The Role of Mindfulness, Attachment, and Stress in Diverse Populations During Pregnancy

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2017-07-27

Authors

Kirby, Joshua N.

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Abstract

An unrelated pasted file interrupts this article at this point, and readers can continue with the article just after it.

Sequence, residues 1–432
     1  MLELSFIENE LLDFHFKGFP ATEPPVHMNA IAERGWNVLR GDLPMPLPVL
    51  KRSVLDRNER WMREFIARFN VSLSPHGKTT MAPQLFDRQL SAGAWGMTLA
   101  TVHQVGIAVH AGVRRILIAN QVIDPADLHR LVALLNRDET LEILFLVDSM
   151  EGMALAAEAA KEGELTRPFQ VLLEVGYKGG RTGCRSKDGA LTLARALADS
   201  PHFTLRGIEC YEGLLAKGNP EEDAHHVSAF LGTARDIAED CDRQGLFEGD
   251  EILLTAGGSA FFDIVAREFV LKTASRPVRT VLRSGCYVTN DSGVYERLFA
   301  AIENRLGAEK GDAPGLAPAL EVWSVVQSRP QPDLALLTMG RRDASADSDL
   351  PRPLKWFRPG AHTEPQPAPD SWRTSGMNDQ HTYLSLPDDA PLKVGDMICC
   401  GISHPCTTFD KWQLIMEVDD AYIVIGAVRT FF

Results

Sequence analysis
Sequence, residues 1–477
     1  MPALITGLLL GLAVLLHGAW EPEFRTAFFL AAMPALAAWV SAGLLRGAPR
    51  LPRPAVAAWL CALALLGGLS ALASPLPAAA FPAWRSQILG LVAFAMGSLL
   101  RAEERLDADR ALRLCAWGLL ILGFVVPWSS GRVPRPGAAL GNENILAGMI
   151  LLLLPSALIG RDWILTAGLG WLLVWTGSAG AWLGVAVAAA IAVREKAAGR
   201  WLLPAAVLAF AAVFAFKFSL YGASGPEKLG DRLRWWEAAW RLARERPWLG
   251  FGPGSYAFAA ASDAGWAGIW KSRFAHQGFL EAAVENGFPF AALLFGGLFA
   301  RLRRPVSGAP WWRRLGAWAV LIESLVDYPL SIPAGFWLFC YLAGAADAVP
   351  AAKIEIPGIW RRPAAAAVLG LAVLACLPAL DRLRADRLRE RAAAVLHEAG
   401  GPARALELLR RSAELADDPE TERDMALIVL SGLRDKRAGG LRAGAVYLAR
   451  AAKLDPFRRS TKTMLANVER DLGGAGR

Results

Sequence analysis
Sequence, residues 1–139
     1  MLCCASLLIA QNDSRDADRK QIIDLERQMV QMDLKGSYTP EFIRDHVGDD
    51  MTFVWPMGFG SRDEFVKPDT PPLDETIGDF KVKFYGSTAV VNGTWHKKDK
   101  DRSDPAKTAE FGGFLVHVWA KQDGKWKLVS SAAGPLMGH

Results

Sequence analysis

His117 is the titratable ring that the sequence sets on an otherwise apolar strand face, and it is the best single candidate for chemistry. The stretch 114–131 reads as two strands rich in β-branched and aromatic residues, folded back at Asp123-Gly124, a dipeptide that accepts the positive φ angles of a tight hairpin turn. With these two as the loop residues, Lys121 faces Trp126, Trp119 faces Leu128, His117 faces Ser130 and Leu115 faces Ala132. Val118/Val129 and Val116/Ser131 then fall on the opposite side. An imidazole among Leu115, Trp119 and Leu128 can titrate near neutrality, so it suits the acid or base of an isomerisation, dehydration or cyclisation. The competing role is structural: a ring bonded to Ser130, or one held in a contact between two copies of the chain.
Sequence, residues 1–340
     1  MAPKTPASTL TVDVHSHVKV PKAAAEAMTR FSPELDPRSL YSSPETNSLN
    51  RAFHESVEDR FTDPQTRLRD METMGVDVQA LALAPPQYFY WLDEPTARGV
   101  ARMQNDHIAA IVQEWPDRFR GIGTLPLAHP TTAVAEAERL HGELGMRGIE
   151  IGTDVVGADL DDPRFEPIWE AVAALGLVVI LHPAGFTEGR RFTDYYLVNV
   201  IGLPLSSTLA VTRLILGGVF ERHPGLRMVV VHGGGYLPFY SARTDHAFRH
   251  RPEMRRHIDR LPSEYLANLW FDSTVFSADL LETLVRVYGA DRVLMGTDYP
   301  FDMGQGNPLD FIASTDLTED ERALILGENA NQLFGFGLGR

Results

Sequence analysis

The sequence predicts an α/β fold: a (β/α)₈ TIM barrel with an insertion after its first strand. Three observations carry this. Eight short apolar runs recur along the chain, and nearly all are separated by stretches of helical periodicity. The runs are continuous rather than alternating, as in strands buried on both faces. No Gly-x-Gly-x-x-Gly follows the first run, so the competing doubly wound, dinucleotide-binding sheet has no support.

As stress can be detrimental to mental and physical health outcomes during pregnancy, there is a need for ongoing research of psychosocial factors, as well as underlying demographic and sociocultural variables, that may mitigate such impact. Attachment security and dispositional mindfulness have been found to predict lower stress levels in certain contexts. Additionally, mindfulness training has proven to be an effective stress reduction intervention in pregnant populations. This study aimed primarily to evaluate the relationship among demographic factors, stress, attachment, and mindfulness in a racially diverse sample of women with high-risk pregnancies. A secondary aim involved a small pilot study of mindfulness training in this population. The hypotheses were that women with more insecure attachment would have higher stress and lower levels of mindfulness, and that mindfulness would moderate the impact of attachment insecurity on stress. African-American women were hypothesized to have greater levels of stress and attachment avoidance based on a review of the literature. Participants (N = 127) completed the 10-Item Perceived Stress Scale, Experiences in Close Relationship Scale- Short Form, and Five Facet Mindfulness Questionnaire-Short Form. Analysis of variance indicated participants were more likely to have avoidant attachment and lower dispositional mindfulness if they were African-American and unmarried. Regression analyses revealed attachment and mindfulness to be predictors of stress; however, mindfulness did not buffer the relationship between attachment insecurity and stress. Negative correlations were demonstrated between attachment avoidance and facets of mindfulness. With regard to the secondary, exploratory aim, a subsample of women (N = 5) completed a one-week mindfulness intervention compared to a control group (N = 5), in which all participants were administered the abovementioned questionnaires pre- and post-test. As anticipated, no statistically significant changes were noted, although important trends were identified for participants that practiced mindfulness meditation compared to those that did not. The results highlight differences in the experience of stress between African-American and white women when considering attachment tendencies continued into adulthood. Though not a significant moderator of stress for insecurely attached participants, this study identified mindfulness as a key mechanism in the appraisal and response to stress with unique sociocultural sensitivities that deserve further attention.

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